Brigid Pasulka’s Top 10 Things to Do in Poland

Brigid Pasulka lived in Krakow from 1994-1995 and returns to Poland almost every year. Her debut novel, also set in Krakow, is called A Long, Long Time Ago and Essentially True. Our book reviewer, Don George, chose it as Book of the Month for August. Here Brigid gives us her insider’s picks of top experiences in Poland, in no particular order:

  • Eat at a milk bar (bar mleczny). Government-subsidized cafeterias in Communist Poland, milk bars still serve a (mostly) student and pensioner clientele. If you need help with the menu, just ask a student in line–almost all young people in cities speak some English–and don’t forget to bus your own table and tell your table-mates “Dziękuję” (jen-KOO-yeh) when you stand up to leave. In Krakow, Bar Żak on Królewska and the bar mleczny on Grodzka (called simply “Bar Mleczny”) are the most accessible but still authentic examples.


  • Stay in a room in someone’s apartment. Sure, there are hotels, hostels and stand-alone apartments, but none of these will show you how people actually live better than…well, actually living with them. Thanks to the Internet, you won’t have to take your chances on whichever babcia accosts you straight off the train. These are, of course, not recommended for drunken revelers–most of the proprietors seem to be single mothers or pensioners who need their beauty sleep.
  • Give a nod to Solidarity. Though many feel there is no difference anymore between the Solidarity party and the rest of the politicians, nearly everyone acknowledges that the Solidarity movement changed the face of Europe. Find a church that hosted regular protests (“Arka” in Krakow, for example), browse the iconic images in a poster gallery (Galleria Plakatu in Krakow), or even go to Wałęsa’s shipyard (stocznia) in Gdańsk.
  • Go to a cabaret (kabaret). Most tourists will shy away from cabarets because they fear the barrage of consonants that is the Polish language, but going to a cabaret is the closest you can get to the Polish soul (in public, anyway), and when you listen to the folk songs and the satire, you’ll be surprised by how much you understand. Krakow’s classic cabaret is Piwnica Pod Baranami or Cellar Under the Sheep.
  • Go to a café (kawiarnia) or a cellar (piwnica) near a university. The beer, coffee, or szarlotka (an addictive apple-meringue cake) is only an excuse to people-watch and soak in the unique Polish interior design aesthetic (which is perhaps best described as “attic irony”). My favorites in Krakow are Pigeon 3, Nowa Prowincja, and Bunkier.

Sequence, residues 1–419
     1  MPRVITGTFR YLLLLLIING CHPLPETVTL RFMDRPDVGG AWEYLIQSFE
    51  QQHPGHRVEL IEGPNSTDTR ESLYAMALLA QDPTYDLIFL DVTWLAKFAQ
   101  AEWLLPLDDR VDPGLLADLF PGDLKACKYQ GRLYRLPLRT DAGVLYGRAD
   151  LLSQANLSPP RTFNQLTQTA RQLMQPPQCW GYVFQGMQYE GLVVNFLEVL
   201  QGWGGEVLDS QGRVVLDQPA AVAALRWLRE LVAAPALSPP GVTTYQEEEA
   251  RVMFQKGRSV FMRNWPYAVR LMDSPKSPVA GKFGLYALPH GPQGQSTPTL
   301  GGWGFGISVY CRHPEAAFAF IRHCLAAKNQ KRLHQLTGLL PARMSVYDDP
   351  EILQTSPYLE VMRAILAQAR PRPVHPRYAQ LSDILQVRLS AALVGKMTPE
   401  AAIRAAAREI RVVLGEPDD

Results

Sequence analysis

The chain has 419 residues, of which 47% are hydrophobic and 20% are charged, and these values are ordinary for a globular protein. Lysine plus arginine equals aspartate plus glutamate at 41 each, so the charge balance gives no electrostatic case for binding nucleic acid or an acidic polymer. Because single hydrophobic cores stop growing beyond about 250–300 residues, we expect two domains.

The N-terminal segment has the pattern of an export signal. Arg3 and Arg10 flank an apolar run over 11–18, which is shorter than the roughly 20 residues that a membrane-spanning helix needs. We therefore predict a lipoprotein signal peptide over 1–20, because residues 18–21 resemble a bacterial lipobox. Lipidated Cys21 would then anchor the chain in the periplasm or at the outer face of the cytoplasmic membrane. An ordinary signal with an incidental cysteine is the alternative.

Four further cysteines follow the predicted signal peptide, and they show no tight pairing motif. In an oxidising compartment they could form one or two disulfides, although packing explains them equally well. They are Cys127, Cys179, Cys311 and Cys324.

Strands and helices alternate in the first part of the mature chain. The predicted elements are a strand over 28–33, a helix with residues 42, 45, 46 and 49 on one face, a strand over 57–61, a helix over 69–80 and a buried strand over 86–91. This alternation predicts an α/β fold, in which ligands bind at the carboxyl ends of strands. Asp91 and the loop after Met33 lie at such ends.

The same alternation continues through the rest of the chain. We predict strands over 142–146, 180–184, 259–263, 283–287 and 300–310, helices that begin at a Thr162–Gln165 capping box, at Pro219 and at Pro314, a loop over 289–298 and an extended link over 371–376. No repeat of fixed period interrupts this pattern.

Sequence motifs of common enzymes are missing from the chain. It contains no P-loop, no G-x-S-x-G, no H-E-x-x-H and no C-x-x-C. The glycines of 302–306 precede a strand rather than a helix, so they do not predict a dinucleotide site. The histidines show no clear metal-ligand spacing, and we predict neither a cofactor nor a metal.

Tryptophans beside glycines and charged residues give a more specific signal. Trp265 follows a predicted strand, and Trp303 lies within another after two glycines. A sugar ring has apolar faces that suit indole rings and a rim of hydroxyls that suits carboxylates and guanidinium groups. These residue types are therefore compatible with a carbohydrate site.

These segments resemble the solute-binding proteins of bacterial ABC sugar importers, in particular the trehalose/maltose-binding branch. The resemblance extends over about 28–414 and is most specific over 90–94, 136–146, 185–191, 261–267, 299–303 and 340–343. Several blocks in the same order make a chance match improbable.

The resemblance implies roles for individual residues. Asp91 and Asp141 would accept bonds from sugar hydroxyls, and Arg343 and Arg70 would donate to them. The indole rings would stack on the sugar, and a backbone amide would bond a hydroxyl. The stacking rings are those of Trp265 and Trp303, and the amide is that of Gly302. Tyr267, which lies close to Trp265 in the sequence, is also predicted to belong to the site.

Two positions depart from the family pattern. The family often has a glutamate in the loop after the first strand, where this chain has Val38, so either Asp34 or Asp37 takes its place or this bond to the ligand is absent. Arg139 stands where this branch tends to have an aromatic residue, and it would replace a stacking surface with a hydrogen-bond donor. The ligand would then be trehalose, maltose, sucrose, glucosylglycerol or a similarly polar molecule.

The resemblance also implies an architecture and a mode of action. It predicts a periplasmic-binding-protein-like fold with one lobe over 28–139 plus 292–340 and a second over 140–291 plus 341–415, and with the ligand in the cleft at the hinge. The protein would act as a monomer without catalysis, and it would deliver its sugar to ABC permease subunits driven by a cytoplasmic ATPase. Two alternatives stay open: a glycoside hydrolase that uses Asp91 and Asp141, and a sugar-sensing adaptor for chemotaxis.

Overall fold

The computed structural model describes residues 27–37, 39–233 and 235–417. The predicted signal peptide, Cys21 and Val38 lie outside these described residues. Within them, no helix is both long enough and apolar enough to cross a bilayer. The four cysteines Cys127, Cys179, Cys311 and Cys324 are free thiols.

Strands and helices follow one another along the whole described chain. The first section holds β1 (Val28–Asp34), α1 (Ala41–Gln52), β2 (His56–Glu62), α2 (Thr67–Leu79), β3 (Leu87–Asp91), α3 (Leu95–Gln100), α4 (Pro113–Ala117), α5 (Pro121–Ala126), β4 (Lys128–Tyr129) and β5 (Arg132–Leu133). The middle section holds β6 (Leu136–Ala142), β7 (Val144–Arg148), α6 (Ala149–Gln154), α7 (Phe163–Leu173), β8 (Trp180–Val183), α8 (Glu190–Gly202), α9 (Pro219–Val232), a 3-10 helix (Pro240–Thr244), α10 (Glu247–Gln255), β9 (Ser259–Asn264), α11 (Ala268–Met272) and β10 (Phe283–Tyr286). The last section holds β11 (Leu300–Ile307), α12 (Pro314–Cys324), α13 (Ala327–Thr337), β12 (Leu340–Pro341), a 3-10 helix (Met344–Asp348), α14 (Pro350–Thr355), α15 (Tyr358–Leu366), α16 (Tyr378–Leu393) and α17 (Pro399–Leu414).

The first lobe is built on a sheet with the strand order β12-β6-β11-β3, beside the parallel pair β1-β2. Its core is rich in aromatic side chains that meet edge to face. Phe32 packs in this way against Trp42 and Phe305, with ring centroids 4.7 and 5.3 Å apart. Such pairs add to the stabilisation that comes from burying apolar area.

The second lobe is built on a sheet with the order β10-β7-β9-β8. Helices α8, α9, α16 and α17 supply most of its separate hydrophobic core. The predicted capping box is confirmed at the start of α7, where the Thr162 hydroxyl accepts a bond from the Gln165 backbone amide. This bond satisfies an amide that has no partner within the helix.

Book your next trip with Peace of Mind
Search Trips

For more, check out our 48 Hours in Krakow guide.


Photos via Flickr: Swiv (market square), giacomo bassi (café), JerzyW (church), Ana Paula Hirama (Tatra mountains)


  • Stay in a room in someone’s apartment. Sure, there are hotels, hostels and stand-alone apartments, but none of these will show you how people actually live better than…well, actually living with them. Thanks to the Internet, you won’t have to take your chances on whichever babcia accosts you straight off the train. These are, of course, not recommended for drunken revelers–most of the proprietors seem to be single mothers or pensioners who need their beauty sleep.
  • Give a nod to Solidarity. Though many feel there is no difference anymore between the Solidarity party and the rest of the politicians, nearly everyone acknowledges that the Solidarity movement changed the face of Europe. Find a church that hosted regular protests (“Arka” in Krakow, for example), browse the iconic images in a poster gallery (Galleria Plakatu in Krakow), or even go to Wałęsa’s shipyard (stocznia) in Gdańsk.
  • Go to a cabaret (kabaret). Most tourists will shy away from cabarets because they fear the barrage of consonants that is the Polish language, but going to a cabaret is the closest you can get to the Polish soul (in public, anyway), and when you listen to the folk songs and the satire, you’ll be surprised by how much you understand. Krakow’s classic cabaret is Piwnica Pod Baranami or Cellar Under the Sheep.
  • Go to a café (kawiarnia) or a cellar (piwnica) near a university. The beer, coffee, or szarlotka (an addictive apple-meringue cake) is only an excuse to people-watch and soak in the unique Polish interior design aesthetic (which is perhaps best described as “attic irony”). My favorites in Krakow are Pigeon 3, Nowa Prowincja, and Bunkier.
Book your next trip with Peace of Mind
Search Trips

For more, check out our 48 Hours in Krakow guide.


Photos via Flickr: Swiv (market square), giacomo bassi (café), JerzyW (church), Ana Paula Hirama (Tatra mountains)

Book your next trip with Peace of Mind
Search Trips

For more, check out our 48 Hours in Krakow guide.


Photos via Flickr: Swiv (market square), giacomo bassi (café), JerzyW (church), Ana Paula Hirama (Tatra mountains)

Book your next trip with Peace of Mind
Search Trips

For more, check out our 48 Hours in Krakow guide.


Photos via Flickr: Swiv (market square), giacomo bassi (café), JerzyW (church), Ana Paula Hirama (Tatra mountains)

Go Further

Subscriber Exclusive Content

Why are people so dang obsessed with Mars?

How viruses shape our world

The era of greyhound racing in the U.S. is coming to an end

See how people have imagined life on Mars through history

See how NASA’s new Mars rover will explore the red planet

Why are people so dang obsessed with Mars?

How viruses shape our world

The era of greyhound racing in the U.S. is coming to an end

See how people have imagined life on Mars through history

See how NASA’s new Mars rover will explore the red planet

Why are people so dang obsessed with Mars?

How viruses shape our world

The era of greyhound racing in the U.S. is coming to an end

See how people have imagined life on Mars through history

See how NASA’s new Mars rover will explore the red planet